This is your brain; isolated from the world inside your skull.
Your senses provide its only clues to what's going on out there, creating your perception of the world via what you see, hear, smell, taste, and touch.

The Human


As we will soon find out, however, seeing is not always believing—meaning that sometimes, your brain ends up filling in the gaps to create an image that isn't even there.

An optical illusion of rotating snakes.
"Rotating Snakes", created by Akiyoshi Kitaoka (2003).

Take the optical illusion to your right, for example, where each "snake" appears to be in perpetual motion despite the image being completely static.

Confused? So is your brain.

Here, some scientists suggest that the small, almost imperceptible rapid movements our eyes make—called saccades—are being smoothed out by the brain to give us a single picture that perceives motion when there is none.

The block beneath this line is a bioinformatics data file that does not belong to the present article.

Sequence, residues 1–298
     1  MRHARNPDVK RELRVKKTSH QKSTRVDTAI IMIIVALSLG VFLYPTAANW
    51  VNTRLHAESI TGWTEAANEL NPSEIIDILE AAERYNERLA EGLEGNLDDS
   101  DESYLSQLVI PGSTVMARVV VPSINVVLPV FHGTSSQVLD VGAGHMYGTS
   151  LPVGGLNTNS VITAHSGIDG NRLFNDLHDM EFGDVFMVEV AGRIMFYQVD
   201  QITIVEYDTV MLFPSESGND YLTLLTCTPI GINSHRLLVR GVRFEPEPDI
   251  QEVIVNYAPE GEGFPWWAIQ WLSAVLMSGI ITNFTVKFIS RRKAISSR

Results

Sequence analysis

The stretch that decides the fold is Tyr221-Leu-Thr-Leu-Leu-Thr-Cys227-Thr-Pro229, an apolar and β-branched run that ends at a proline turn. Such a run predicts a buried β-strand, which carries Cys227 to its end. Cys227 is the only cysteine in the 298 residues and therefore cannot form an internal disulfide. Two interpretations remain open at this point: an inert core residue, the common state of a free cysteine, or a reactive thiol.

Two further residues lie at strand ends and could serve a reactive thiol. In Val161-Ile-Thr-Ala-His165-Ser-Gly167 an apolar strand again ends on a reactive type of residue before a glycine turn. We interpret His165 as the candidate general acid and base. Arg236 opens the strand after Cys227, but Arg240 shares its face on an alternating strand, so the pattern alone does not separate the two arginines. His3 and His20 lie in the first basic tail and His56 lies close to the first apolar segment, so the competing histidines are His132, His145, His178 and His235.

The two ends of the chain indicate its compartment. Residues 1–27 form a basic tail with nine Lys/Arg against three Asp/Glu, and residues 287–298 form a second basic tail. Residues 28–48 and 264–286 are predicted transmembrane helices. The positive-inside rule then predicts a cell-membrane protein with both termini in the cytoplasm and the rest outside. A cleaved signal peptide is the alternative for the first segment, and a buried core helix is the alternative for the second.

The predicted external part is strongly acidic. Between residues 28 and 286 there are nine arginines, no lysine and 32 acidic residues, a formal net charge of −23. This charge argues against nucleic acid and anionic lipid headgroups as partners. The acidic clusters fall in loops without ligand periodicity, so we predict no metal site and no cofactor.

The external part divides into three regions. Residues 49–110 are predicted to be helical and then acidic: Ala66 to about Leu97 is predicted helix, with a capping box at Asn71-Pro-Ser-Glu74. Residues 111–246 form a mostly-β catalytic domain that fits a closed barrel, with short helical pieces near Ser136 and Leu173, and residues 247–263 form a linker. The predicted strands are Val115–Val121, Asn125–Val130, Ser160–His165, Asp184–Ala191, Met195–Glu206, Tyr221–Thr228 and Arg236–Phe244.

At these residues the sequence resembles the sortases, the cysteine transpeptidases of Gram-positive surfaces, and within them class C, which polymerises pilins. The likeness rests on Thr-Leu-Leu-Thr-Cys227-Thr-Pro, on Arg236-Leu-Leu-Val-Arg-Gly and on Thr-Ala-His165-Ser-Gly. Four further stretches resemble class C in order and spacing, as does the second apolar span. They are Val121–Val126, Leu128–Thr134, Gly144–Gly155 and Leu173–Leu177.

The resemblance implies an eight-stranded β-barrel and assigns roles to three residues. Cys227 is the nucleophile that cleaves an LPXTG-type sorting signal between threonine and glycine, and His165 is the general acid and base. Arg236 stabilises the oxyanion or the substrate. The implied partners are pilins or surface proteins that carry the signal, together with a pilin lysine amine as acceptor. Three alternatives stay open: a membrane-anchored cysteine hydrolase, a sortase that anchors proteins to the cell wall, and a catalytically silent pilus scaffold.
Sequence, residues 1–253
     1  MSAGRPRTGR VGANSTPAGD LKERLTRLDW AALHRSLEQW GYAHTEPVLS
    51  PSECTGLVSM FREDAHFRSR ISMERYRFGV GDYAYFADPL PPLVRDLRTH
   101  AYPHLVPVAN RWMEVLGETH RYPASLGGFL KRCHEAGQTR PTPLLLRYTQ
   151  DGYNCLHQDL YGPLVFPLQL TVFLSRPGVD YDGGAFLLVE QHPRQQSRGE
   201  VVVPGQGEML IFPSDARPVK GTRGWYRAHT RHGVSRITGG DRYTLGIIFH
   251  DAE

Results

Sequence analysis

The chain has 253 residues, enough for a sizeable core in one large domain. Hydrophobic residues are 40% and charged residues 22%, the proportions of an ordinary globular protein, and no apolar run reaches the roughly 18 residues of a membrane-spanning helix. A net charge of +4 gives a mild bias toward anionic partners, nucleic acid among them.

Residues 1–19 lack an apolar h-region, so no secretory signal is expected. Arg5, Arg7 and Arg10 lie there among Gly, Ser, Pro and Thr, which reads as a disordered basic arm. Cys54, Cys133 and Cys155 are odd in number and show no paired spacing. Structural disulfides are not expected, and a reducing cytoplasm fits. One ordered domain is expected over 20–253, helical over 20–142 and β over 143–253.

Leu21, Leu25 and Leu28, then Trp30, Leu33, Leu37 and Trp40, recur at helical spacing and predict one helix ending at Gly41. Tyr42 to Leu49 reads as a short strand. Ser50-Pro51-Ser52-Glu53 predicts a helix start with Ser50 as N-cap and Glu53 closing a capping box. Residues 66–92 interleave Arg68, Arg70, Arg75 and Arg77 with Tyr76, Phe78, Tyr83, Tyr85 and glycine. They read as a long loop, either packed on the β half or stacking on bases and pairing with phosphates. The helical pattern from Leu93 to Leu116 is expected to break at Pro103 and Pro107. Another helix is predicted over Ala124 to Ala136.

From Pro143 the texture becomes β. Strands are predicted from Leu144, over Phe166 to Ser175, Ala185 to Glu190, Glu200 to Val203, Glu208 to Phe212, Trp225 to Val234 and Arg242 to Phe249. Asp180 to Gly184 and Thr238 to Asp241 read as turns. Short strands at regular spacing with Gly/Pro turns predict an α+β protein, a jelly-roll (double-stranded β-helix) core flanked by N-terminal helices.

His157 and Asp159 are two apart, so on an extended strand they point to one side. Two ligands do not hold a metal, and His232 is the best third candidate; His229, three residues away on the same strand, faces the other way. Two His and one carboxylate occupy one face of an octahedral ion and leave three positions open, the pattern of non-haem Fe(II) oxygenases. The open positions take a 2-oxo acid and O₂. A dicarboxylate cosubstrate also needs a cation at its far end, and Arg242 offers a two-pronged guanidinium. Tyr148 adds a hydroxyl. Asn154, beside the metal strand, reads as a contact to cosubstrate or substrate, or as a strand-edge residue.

Others say that the image is sending so many pieces of information to our retina that our visual cortex—the region of the brain that processes visual information—becomes overwhelmed in its confusion.

Whatever the explanation may be, it's clear that the connection between our eye and brain isn't as straightforward as it initially seems.

The following pages will explore several optical illusions to answer one critical question: how exactly does our brain take the limited information from our senses to construct a trustworthy reality?